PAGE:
Guerra, C.P. open boys cross country season strong
Updated: Aug 16, 2020
CEDAR LAKE -- No pain is worse than the pain of regret.
The phrase, or some variation of it, has been printed on the back of many a cross country t-shirt over the years, and has never been more apropos than in 2020, when sports are no sure thing.
"The way we think on our team is, what can I do today to make myself better tomorrow?" Highland's Lucas Guerra said. "We can't look at October too much. We'll worry about it when October comes. We don't know what's going to happen tomorrow. This could be our only race. You've got to go out and give it everything you have. That's what happened with some of the guys last year with not having a track season. They didn't know semistate in cross country would end up being their last race. That's helped with the older guys, sharing that wisdom with the other guys on the team."
The 2019 state runner-up opened his senior season with a 35-second victory in Saturday's Crown Point Invitational, checking in at 16:07.27 at a sultry Lemon Lake County Park. After not getting to have his junior year of track, there is a sense of having to make up for lost time, but given the uncertain nature of the present, he's not going to look too far ahead.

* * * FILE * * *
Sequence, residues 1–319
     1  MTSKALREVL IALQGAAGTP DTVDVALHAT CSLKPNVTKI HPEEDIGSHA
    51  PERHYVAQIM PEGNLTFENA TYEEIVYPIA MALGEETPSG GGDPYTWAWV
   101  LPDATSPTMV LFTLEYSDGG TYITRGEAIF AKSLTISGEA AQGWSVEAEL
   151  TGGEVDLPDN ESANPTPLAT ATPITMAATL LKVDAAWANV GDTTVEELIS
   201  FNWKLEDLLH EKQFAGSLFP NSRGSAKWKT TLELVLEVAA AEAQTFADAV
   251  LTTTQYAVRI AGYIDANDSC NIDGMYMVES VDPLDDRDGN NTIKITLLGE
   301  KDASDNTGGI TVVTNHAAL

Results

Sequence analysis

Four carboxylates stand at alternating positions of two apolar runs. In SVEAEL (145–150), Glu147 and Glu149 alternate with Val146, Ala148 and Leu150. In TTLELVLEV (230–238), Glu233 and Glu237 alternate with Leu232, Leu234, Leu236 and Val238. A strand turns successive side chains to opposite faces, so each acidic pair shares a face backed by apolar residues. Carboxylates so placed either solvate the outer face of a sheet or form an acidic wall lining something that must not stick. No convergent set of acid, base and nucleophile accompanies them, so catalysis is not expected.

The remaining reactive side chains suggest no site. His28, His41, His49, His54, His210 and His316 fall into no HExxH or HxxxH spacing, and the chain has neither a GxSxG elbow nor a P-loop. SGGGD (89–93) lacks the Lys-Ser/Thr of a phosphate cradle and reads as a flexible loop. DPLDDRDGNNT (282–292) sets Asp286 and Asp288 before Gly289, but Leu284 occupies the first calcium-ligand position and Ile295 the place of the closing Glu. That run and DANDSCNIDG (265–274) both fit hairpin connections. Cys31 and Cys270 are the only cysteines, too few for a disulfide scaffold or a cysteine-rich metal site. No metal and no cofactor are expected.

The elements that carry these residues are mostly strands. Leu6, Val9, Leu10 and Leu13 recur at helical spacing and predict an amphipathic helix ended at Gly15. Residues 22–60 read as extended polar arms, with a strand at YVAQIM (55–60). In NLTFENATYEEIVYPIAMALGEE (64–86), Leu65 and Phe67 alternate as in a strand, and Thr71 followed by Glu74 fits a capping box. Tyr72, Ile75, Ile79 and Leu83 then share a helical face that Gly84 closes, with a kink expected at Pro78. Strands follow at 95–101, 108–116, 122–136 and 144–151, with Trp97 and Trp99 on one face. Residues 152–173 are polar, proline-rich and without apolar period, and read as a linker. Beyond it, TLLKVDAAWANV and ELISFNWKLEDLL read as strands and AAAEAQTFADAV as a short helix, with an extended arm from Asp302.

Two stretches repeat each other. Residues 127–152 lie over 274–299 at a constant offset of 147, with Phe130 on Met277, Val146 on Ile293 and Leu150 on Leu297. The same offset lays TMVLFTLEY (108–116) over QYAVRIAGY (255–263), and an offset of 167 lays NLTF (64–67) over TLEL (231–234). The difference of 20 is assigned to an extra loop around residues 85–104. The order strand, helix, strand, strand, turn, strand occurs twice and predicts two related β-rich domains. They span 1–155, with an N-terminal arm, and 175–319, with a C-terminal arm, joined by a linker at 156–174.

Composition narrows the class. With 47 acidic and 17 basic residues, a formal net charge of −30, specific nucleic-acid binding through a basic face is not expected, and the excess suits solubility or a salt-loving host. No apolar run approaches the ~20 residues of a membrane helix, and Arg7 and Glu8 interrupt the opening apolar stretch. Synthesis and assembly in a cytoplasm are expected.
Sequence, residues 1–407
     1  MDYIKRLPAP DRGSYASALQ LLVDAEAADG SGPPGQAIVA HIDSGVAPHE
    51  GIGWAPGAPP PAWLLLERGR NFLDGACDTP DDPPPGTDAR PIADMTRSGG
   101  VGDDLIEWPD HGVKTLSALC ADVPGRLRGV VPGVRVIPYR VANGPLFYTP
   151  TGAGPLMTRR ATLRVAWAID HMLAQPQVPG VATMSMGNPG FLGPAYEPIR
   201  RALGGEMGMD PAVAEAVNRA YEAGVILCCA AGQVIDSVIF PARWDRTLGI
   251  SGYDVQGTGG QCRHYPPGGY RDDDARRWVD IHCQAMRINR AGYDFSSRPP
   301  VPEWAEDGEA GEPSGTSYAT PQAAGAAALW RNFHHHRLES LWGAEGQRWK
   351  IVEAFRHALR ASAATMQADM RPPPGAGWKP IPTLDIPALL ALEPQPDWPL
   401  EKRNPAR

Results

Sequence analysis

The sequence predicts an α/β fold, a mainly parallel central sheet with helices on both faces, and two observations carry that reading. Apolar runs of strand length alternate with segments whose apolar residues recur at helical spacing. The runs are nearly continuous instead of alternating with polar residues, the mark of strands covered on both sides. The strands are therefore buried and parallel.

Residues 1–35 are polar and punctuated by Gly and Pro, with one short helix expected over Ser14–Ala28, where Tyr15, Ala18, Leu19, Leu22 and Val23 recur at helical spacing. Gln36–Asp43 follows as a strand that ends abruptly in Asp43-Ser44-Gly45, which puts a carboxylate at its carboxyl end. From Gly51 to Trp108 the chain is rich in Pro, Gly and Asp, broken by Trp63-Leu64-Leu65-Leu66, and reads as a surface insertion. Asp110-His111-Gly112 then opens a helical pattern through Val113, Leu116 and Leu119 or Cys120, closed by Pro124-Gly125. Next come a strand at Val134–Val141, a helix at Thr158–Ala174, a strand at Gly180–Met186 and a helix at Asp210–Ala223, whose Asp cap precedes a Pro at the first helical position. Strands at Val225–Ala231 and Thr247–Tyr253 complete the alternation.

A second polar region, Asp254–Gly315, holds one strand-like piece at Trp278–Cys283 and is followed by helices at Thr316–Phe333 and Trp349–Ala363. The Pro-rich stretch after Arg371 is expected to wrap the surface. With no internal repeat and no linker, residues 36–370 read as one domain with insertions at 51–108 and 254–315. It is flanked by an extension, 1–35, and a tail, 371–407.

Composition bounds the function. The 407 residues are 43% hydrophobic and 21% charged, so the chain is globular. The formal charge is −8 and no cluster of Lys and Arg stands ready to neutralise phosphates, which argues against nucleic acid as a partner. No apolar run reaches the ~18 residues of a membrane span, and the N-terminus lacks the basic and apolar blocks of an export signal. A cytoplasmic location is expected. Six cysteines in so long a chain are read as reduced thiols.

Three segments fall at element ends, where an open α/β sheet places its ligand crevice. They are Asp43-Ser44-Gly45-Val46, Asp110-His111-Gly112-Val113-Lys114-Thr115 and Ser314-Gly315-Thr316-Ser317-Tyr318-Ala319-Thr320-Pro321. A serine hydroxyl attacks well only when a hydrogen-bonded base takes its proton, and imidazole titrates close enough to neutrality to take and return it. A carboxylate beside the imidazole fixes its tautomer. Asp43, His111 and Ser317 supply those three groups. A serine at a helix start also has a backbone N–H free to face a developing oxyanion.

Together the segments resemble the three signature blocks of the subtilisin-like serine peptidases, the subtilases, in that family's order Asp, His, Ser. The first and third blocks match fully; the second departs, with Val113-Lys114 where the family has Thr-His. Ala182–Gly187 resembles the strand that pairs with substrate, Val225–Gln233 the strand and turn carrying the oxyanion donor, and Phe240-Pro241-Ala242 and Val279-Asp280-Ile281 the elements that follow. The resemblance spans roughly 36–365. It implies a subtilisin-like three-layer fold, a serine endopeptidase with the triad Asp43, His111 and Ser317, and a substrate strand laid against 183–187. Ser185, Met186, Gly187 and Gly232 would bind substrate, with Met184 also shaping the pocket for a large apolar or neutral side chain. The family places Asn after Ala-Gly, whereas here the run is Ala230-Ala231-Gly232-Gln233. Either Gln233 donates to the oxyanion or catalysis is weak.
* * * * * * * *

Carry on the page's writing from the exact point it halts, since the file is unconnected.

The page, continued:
"I think we handled it pretty well," Guerra said. "Track season was the worst part. It's getting better. We had a really good what would have been the end of the track season. We were able to get some time trials in, do some races on our own, and we're just building off of it. The summer, we started a little earlier, doing all our miles on our own. We were suspended two weeks, but the team was really good about putting in work on their own, communicating with our coach. We're blessed to have a coach who works with us pretty easily. We don't want to get ourselves down, just take everything day by day."
Guerra had hoped to compete in at least one national meet, but with all of those being cancelled, his high school meet results will have to suffice.
"It definitely impacted my recruiting process a lot," he said. "I talked to a couple Pac 12 schools. Out in California, they were able to get some summer races in. The schools give you a standard they want to have. I can't run that standard with no track season. A lot of Big East, ACC, Big Ten schools, they understand what's going on. They weren't even able to have their own seasons, so I don't expect them to have campus visits. I just have to do what I can back in my home state. I had to re-work how I train, but there's a lot of competition in the state, plenty of good guys up here, so I'm not too worried."
The race included the new health and safety protocols which, for runners, included doing run-outs before coming to the start line and wearing masks up until just before the start.
"Props to Crown Point. They put on a really well-structured meet. Everyone obeyed the rules," Guerra said. "Health is the most important thing right now. Our team's got its own rules, mandates, and we follow them. I would say we're one of the most safe sports. It's just us taking extra precautions, which are going to help us be able to continue."
Runners await the starter's OK to remove their masks prior to Saturday's Crown Point Invitational at Lemon Lake County Park. (Photo by Jim Peters)